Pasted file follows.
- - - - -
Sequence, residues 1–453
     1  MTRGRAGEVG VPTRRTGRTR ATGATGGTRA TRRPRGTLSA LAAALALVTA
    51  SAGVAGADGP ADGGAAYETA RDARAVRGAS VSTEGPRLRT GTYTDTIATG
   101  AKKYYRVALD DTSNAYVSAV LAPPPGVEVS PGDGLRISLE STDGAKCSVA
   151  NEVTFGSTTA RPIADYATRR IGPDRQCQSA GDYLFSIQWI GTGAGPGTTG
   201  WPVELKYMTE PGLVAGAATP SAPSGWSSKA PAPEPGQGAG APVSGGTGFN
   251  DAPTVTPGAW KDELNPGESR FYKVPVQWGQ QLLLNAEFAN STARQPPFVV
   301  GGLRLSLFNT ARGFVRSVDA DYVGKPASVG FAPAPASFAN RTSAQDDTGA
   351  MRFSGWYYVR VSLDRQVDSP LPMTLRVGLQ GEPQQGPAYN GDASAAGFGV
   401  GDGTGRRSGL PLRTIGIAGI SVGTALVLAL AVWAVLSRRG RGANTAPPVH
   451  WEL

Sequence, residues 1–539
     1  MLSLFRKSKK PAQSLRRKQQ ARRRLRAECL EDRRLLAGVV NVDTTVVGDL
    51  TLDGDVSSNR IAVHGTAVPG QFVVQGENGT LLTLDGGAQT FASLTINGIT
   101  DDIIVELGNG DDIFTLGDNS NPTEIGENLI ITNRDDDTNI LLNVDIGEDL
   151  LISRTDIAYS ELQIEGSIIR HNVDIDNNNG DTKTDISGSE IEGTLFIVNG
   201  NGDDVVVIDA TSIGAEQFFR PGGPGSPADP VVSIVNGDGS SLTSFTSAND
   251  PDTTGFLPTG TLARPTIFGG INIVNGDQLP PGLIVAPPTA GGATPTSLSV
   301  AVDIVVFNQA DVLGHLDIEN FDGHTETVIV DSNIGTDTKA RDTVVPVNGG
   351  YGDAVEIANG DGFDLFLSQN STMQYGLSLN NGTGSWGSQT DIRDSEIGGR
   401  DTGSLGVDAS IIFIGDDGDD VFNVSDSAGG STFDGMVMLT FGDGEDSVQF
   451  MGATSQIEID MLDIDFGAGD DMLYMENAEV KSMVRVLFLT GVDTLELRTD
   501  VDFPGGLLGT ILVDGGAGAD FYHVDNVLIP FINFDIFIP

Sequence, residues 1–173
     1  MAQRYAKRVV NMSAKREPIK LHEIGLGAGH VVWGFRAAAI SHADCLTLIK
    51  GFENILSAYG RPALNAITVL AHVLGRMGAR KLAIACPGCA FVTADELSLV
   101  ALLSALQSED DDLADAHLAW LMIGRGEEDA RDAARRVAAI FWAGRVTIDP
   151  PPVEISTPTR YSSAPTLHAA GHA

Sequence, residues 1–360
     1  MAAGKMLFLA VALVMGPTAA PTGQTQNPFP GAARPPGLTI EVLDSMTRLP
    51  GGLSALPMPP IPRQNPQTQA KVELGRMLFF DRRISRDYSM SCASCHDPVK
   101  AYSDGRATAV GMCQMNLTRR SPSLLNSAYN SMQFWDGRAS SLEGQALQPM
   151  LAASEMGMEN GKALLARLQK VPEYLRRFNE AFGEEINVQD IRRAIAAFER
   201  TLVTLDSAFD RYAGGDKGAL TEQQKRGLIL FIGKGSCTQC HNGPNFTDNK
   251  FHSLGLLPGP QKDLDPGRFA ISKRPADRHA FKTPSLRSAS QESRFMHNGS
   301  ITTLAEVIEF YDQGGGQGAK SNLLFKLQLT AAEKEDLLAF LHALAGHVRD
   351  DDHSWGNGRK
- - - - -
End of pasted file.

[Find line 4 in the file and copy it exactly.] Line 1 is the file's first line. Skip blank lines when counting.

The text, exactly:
   101  AKKYYRVALD DTSNAYVSAV LAPPPGVEVS PGDGLRISLE STDGAKCSVA